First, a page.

A groundbreaking study conducted at Ulm University and its Medical Center has shed light on the molecular mechanisms behind how psychological trauma and severe stress can impede the healing of bone fractures.
Researchers from Ulm University, along with scientists from Canada and Japan, collaborated to reveal that specific immune cells respond to stress by producing an enzyme. This enzyme, in turn, triggers the release of stress hormones that hinder bone growth by interfering with the conversion of cartilage cells into bone cells. The study’s implications are particularly relevant for emergency rescue workers, victims of natural disasters, and violence, as their high-stress experiences can have lasting effects on their bone healing processes in the event of serious injuries.
Professor Stefan Reber, who leads the Laboratory for Molecular Psychosomatics at the Department of Psychosomatic Medicine and Psychotherapy in Ulm, and Professor Melanie Haffner-Luntzer from the Institute of Orthopaedic Research and Biomechanics coordinated the research. Their findings were published in the prestigious journal Nature Communications.
The immune cells responsible for this stress response are known as neutrophil granulocytes, a type of white blood cell that belongs to the innate immune system. Under severe mental stress, these immune cells produce an enzyme called tyrosine hydroxylase (TH), which induces the local production and release of specific stress hormones called catecholamines, including adrenaline, noradrenaline, and dopamine, at the site of the fracture hematoma. These stress hormones negatively affect the transition of cartilage cells to bone cells, thereby slowing down the healing process of bones.
Dr. Miriam Tschaffon-Müller from the Institute of Orthopaedic Research and Biomechanics, along with Elena Kempter, a doctoral researcher at Professor Reber’s lab, served as the two first authors of the study. They demonstrated the stress-induced mechanism at the molecular genetic level by using knockout mice with suppressed TH expression and blocked adrenoceptors, which showed no inhibition of bone healing under stress.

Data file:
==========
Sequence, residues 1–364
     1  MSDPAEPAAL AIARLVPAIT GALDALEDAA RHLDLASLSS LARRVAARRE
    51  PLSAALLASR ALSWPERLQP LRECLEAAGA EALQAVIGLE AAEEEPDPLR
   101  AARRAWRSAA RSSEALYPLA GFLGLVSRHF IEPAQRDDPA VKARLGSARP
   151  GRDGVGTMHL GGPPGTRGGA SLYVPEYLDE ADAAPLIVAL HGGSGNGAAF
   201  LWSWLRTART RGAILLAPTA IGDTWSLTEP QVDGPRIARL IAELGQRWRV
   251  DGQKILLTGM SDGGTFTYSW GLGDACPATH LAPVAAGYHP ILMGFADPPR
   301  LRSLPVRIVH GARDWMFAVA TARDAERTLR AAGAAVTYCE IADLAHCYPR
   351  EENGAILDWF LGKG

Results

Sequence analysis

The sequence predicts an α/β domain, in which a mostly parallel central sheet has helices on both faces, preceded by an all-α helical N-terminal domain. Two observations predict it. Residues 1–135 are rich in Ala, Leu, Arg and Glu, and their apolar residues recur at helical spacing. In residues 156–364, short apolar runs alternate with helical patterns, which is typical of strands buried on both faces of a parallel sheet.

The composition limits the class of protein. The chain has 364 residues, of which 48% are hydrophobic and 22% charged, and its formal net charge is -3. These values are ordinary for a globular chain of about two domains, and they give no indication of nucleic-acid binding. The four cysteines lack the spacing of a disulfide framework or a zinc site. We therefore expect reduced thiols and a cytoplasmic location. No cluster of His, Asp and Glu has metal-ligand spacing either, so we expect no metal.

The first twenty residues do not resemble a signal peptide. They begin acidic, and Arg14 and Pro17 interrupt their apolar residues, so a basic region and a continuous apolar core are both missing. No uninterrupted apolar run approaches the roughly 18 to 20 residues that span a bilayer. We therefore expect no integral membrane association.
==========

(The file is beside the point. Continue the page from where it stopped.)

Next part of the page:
In the clinical part of the research, the team collaborated with the Department of Orthopaedic Trauma, Hand, Plastic, and Reconstruction Surgery, as well as the Department of Psychosomatic Medicine and Psychotherapy to study patients with ankle fractures. The study revealed that patients with high psychological stress, trauma, or depression displayed elevated levels of tyrosine hydroxylase (TH) in their fracture hematoma, leading to impaired fracture healing. Surprisingly, the subjective rating of the patients’ mental stress load and their pain perception played a crucial role in these measurable effects.
The study’s findings have significant implications for clinical practice, suggesting that considering a patient’s stress or trauma history could be crucial when treating fractures and other major injuries. In some cases, using beta blockers to mitigate the negative impact of stress hormones on bone healing may be advisable.
In conclusion, this research provides valuable insights into the connection between psychological stress and bone healing, and it offers potential avenues for improving patient outcomes in orthopedic care.